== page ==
This turbocharged debt cycle will end miserably — it’s just a matter of when
This turbocharged debt cycle will end miserably — it’s just a matter of when by David Rosenberg via The Burning Platform
It is clear that it would have been a very hard sell a year ago that every single risk-on asset class from equities, to corporate bonds, to commodities would end up rallying as much as they did in 2019.
And so perhaps the message for 2020 is to fade all the optimism since fading the pessimism a year ago paid off very well. The sharp slide in Treasury yields this past year does not exactly comport with the risk-on view that has morphed into the consensus forecast.
Fed policy, the trajectory of GDP growth and global economic fundamentals in general all tell a cautionary tale. Both bonds and stocks can’t be right at this moment in time.
We have to choose which asset class has the story right, and history sides with the Treasury market. So, that indeed is how we are tilted for 2020. Defensively positioned — again. In addition, from a total return perspective, a near-20 per cent gain in the long bond not only didn’t hurt you, but meaningfully outperformed the S&P 500 on a risk-adjusted basis and by not having to take on any inherent equity (capital) risk.
Another year of double-digit returns on the highest quality, long duration bonds is our expectation
Right now, it is critically important to get as close to the truth of clients’ risk tolerance. There have probably never been as many characteristics of a top as we are experiencing today. At some point, as unpopular as contrarianism can be, we all need to ponder deeply about Bob Farrell’s Rule #4:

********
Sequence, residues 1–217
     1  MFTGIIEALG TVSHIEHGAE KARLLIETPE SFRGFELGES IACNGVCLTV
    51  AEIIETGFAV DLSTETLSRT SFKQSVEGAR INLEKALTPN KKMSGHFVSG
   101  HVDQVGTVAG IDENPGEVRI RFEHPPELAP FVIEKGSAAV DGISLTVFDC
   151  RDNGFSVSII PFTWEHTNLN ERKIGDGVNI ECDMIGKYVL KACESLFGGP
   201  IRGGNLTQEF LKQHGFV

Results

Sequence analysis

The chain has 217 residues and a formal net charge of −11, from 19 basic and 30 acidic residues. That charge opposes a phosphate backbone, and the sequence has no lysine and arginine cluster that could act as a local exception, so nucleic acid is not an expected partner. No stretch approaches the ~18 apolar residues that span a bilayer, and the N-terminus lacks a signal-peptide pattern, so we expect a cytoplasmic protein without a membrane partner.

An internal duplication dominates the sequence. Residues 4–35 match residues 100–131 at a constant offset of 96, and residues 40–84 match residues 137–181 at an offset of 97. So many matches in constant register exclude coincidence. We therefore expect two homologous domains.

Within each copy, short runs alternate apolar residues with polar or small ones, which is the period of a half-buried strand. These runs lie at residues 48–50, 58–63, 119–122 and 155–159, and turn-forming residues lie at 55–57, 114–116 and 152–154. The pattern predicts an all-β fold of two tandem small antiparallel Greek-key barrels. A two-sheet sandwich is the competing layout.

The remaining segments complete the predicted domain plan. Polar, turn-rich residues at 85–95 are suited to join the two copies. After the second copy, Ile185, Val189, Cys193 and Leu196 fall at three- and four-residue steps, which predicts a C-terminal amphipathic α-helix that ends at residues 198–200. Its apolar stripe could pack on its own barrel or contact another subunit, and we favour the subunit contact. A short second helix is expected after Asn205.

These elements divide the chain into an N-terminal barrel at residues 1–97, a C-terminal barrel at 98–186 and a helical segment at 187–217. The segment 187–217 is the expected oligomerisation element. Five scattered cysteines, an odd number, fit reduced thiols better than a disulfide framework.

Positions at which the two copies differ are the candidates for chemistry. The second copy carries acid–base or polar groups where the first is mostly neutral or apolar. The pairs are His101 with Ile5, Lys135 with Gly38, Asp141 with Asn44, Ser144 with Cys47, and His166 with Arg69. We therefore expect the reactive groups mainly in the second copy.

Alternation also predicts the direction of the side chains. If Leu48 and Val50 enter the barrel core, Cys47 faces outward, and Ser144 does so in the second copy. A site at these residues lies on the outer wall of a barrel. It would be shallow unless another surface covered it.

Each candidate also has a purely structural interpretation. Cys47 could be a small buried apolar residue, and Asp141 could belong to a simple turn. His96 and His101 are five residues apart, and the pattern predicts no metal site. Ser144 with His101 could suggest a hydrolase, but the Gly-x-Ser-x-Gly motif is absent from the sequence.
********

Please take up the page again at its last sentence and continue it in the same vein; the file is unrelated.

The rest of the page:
“Exponentially rapidly rising or falling markets usually go further than you think but they do not correct by going sideways.”
No one really knows how far up the top is, but what happens after the top does not fit into very many people’s risk tolerance. In the meantime, another year of double-digit returns on the highest quality, long duration bonds is our expectation and the interest rate risk associated with them is entirely manageable from my perspective as a market economist.
While I cannot pick the date, I can tell you that this turbocharged debt cycle will end miserably, not unlike 2008 and 2001. Don’t try to time the inevitable mean-reversion trade. Just heed this first Bob Farrell rule of investing on ‘mean reversion’ and know that it’s out there. In nearly 11 years the S&P 500 has soared nearly fivefold to multiples (on earnings, sales and book value — take your pick) we have only seen twice in recent history.
There really is no reason to wait for the herd to head for the exits
Corporate bond spreads off Treasuries are squeezed to levels that fall well short of compensating for imminent default risks, and there really is no reason to wait for the herd to head for the exits. That time will come sooner rather than later because Mother Nature will not tolerate leverage and multiple-expansion supplanting corporate earnings and productivity growth indefinitely.